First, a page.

What are some strategies to meet power budgets? (codes require them to conserve energy)
Provide the recommended illumination level for task areas only. Provide less general background illumination (ambient light) - usually about 1/3 of the task level. Provide noncritical areas (corridors) with levels even below background levels.
What is the difference between direct glare and reflected glare? What is a veiling reflection?
Direct glare results when a light source in the field of vision causes descomfort and interference with the visual task. Reflected glare occurs when a light source is reflected from a viewed surface into the eye. If the reflected glare interferes with the viewing task; it is also called a veiling reflection.
What is the visual comfort probability (VCP) factor?
The percentage of people who; when viewing from a specified location and in a specified direction; will find the situation acceptable in terms of discomfort glare. Manufacturers often publish the VCP rating for their light fixtures.
What is an easy way to solve direct glare problems?
Use a luminaire with a 45 degree cutoff angle or move the luminaire out of the offending field of view.
What is one way to design a space so that veiling reflections are avoided?
Provide general background illumination plus specific task lighting that can be moved around by the user.
What should the brightness ratio be between: 1. the task and the desktop 2. the task and nearby general surroundings 3. the task and more remote surroundings
1. 3:1 2. 5:1 3. 10:1
How does uniformity of lighting affect a space?
Complete uniformity is typically not desirable; some amount of shade and shadow provides highlight and interest to a space.
Besides daylight; what are the 4 types of light sources?
1. Incandescent 2. Fluorescent 3. high-intensity discharge 4. LEDs
What is the efficacy of a light source?
A measure of energy efficiency: The ratio of luminous flux emitted to the total power innut of the source (measured in lumens per watt)
Describe the make-up of an incandescent lamp.
A tungsten filament placed within a sealed bulb containing an inert gas. When electricity is passed through the lamp; the filament glows.
What are the 10 shapes of incandescent lamps?
A - arbitrary ER - elliptical reflectorG - globular CA - candle shaped PS - pear shaped MR - multifaceted mirror reflector PAR - parabolic aluminized reflector R - reflector S - straight T - tubular
What are the light distribution characteristics of the reflector lamps: R; ER; PAR and MR-16?
R - wide beam spread ER - slightly smaller beam spread PAR - even tighter beam spread MR-16 - narrowest beam spead (R & PAR are available in flood spreads and spotlights)
What are the advantages and disadvantages of incandescent lamps?
Advantages: 1. Inexpensive 2. Compact 3. Easy to dim 4. Can be repeatedly started without a decrease in lamp life. 5. Have a warm color rendition 6. Light output can be easily controlled with reflectors and lenses. Disadvantages: 1. Low efficacy 2. Short lamp life 3. High heat output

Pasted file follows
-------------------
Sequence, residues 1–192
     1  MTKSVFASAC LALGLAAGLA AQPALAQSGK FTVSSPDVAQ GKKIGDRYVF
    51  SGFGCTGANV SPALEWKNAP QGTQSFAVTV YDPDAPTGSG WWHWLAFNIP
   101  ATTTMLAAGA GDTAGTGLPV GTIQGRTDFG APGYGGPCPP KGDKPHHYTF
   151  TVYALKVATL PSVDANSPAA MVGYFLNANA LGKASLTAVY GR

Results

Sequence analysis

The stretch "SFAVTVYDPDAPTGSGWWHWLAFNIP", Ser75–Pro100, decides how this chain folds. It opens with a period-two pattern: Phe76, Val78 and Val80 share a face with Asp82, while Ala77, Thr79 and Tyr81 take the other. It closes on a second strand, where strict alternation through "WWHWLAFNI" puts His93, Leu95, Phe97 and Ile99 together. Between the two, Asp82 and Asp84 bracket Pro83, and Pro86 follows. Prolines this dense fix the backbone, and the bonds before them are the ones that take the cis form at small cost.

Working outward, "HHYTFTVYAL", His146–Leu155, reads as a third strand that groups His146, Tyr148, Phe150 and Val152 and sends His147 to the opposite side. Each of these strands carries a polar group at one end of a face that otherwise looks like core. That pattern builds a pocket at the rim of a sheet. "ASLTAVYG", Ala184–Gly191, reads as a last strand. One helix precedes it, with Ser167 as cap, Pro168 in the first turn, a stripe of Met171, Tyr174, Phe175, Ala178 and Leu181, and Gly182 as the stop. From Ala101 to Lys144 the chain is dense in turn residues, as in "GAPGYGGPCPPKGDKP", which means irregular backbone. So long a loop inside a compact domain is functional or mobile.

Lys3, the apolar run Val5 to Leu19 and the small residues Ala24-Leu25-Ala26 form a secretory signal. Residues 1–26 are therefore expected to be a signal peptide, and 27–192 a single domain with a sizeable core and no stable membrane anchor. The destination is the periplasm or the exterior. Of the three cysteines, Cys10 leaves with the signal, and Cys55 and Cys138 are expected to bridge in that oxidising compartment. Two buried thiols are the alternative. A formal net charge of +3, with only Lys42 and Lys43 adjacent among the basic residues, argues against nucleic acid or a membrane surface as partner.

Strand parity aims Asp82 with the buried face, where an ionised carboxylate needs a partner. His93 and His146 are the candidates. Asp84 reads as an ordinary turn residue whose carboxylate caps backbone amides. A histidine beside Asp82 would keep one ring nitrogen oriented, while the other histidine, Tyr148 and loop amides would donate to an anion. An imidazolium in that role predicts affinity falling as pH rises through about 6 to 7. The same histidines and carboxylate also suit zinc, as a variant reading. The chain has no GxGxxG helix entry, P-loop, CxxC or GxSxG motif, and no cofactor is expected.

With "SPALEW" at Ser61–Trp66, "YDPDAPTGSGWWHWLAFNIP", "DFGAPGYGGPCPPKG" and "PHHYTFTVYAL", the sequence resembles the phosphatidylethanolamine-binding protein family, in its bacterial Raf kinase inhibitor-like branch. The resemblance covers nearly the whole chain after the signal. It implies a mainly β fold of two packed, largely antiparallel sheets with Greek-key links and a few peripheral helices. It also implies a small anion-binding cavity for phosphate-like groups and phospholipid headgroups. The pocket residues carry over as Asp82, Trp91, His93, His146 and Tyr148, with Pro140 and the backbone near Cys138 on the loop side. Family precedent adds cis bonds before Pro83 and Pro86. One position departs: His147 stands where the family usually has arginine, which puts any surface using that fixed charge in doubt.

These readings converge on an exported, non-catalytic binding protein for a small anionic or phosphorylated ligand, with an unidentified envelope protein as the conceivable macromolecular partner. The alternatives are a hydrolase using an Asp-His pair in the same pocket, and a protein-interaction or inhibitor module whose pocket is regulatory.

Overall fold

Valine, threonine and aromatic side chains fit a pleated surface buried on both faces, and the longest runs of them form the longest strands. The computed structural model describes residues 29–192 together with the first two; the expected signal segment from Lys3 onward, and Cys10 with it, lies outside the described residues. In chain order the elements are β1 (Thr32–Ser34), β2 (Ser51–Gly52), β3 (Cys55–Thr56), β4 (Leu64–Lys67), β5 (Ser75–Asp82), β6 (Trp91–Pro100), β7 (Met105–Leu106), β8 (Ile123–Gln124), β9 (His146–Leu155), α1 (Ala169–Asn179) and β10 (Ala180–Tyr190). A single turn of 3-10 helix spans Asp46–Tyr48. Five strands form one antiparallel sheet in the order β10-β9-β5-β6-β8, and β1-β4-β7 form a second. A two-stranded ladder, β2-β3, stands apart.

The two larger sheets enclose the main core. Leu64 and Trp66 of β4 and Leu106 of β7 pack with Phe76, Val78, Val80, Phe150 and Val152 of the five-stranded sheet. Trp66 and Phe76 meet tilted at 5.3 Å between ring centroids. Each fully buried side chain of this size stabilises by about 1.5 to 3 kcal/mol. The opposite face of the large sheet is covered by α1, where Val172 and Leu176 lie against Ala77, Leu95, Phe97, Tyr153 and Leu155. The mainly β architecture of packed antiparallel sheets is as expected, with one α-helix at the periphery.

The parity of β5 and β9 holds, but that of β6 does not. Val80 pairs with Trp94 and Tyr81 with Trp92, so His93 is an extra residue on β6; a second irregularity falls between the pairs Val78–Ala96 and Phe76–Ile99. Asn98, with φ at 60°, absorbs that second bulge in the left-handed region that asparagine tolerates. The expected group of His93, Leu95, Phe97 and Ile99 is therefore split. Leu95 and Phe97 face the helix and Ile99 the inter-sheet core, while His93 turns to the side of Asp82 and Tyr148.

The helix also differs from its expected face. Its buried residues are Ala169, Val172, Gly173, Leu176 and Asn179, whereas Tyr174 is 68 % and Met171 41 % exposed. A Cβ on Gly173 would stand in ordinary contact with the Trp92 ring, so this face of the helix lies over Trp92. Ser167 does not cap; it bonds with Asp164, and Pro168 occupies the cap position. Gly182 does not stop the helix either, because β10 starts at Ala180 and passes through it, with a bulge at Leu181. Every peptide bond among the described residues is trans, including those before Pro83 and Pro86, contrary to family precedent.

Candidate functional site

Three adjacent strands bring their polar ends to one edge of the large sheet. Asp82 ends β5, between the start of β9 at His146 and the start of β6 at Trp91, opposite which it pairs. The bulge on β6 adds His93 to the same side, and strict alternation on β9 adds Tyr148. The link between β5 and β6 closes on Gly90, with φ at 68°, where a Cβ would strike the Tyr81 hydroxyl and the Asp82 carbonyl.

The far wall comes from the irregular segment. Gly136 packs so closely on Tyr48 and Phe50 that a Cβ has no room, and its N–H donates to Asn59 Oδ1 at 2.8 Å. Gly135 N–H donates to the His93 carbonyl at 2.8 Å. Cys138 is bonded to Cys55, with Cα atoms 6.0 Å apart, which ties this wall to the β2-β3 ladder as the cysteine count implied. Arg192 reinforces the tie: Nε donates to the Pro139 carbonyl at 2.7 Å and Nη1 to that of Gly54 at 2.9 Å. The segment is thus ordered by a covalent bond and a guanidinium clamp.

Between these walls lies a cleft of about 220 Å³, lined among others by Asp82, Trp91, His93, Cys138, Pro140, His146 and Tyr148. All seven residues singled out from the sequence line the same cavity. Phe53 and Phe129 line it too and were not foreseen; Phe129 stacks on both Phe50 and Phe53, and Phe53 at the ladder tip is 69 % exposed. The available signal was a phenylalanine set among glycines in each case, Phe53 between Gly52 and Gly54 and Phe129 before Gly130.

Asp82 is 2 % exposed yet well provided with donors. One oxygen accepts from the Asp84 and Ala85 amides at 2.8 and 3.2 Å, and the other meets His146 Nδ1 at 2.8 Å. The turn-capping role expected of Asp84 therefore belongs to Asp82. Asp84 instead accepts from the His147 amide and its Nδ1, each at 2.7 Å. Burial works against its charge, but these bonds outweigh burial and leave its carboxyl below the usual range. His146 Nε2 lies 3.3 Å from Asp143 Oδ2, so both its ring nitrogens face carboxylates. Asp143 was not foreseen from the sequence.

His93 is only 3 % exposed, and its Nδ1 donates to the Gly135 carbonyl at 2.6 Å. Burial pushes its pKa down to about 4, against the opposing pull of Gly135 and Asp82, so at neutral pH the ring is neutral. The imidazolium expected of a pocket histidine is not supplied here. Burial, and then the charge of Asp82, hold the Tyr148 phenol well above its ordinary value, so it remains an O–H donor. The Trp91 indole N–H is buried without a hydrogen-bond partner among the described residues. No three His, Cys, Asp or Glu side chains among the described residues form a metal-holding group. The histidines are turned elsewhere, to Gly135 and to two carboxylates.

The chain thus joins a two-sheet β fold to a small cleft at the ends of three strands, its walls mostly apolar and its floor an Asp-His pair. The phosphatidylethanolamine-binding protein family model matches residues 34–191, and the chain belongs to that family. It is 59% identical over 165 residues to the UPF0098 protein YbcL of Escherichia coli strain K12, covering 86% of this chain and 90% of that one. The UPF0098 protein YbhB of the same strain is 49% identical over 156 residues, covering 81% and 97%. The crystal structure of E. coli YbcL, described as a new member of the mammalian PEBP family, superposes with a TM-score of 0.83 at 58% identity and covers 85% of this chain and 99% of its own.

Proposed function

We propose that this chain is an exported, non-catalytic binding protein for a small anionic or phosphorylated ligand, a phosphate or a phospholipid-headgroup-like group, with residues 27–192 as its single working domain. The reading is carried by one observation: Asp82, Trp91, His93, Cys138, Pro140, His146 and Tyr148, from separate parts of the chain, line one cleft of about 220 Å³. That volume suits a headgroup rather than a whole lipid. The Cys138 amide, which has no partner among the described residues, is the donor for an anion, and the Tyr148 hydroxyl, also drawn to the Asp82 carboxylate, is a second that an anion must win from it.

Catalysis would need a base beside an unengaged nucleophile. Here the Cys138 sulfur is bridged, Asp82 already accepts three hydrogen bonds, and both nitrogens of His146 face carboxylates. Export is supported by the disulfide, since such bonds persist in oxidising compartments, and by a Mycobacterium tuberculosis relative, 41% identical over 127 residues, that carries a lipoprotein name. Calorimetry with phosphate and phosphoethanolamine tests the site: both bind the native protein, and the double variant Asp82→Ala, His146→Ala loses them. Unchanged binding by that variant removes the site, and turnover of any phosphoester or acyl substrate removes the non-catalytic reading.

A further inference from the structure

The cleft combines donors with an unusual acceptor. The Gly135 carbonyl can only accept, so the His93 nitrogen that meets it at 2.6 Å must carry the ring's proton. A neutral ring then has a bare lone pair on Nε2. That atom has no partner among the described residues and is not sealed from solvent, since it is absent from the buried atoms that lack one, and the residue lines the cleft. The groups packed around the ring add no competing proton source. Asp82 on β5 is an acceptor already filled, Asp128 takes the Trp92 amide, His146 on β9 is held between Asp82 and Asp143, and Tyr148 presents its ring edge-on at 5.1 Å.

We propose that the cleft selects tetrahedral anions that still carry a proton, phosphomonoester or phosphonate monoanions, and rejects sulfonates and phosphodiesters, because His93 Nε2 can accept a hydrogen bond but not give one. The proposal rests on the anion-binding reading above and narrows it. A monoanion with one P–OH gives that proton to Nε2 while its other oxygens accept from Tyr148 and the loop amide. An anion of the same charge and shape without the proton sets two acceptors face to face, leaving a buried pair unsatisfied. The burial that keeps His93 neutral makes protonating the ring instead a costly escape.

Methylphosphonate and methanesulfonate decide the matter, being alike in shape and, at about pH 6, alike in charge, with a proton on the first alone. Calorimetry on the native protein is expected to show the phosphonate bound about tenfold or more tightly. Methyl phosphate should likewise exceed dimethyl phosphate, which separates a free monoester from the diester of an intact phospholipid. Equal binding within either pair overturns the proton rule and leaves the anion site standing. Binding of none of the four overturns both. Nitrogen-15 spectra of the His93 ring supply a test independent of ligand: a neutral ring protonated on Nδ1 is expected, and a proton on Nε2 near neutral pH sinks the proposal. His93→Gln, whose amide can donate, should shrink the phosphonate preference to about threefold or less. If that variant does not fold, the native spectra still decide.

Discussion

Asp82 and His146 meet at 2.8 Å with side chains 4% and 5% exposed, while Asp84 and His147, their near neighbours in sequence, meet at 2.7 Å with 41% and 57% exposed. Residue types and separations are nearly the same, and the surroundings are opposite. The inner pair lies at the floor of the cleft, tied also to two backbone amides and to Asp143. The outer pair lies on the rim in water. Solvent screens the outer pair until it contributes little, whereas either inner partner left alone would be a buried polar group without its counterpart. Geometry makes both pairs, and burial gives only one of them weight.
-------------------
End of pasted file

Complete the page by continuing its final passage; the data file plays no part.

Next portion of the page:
Tungsten-halogen is one type of incandescent lamp. How do they work?
Like a regular incandescent except there is a small amout of a halogen (iodine or bromine) in the bulb with the inert gas. As the tungsten filament is burned off; it mixes with the halogen and is redeposited on the filament. Bulb is made from quartz (to combat higher pressures) and is much smaller than standard incandescent bulbs.
What are the advantages and disadvantages of tungsten-halogen lamps?
Advantages (compared to standard incandescents): 1. Longer lamp life 2. Low lumen depreciation 3. More uniform light color 4. Greater efficacy 5. More compact 6. Whiter light (higher operating temperature) Disadvantages: 1. Because of high operating temp; failures result in an explosive shattering of he lamp so halogen lamps are enclosed in another bulb or are covered with a piece of glass or a screen.
Low-voltage lamps are a type of incandescent lamp. How do they work?
The require a transformer to step down the line voltage from 120 V to 12 V. They operate at a higher current; so their filaments have to be thicker. They are more compact; resulting in smaller lamps and lamps with better beam control.
How do fluorescent lamps work?
They contain a mixture of an inert gas and low-pressure mecury vapor. When the lamp is energized; a mercury arc is formed that creates UV light which strikes the phosphor-coated bulb; causing it to fluoresce and produce visible light.
What does a ballast do?
Supplies the proper starting and operating voltages to the fluorescent lamp as well as limiting the current.
What type of lamp does an F40T12WW/RS designation refer to?
Fluorescent lamp , 40 Watts Tubular shape 12/8" diameter (1-1/2") Warm white color Rapid start circuit
What is the typical color temperature range that fluorescents can come in?
6500 K (cool daylight) - 2800 K (warm white deluxe)
What are the advantages & disadvantages if fluorescents?
Advantages: 1. High efficacy (55 lm/W - 80 lm/W) 2. Low initial cost 3. Long life 4. Available in a variety of color temps Disadvantages: 1. Although they can be dimmed; fluorescent dimmers are more expensive than incandecent ones and fluorescents are more difficult to control precisely (because they're larger than incandescents)
Describe the GU-24 lamp & luminaire
High-efficacy compact fluorescent with a two-pin base; making it impossible to use any other type of lamp in a GU-24 luminaire. The Energy Star Program Requirement for Residential Lighting Fixtures require that residential lighting fixtures cannot use the standard Edison screw base and this replaces that.
How do high-intensity discharge (HID) lamps work?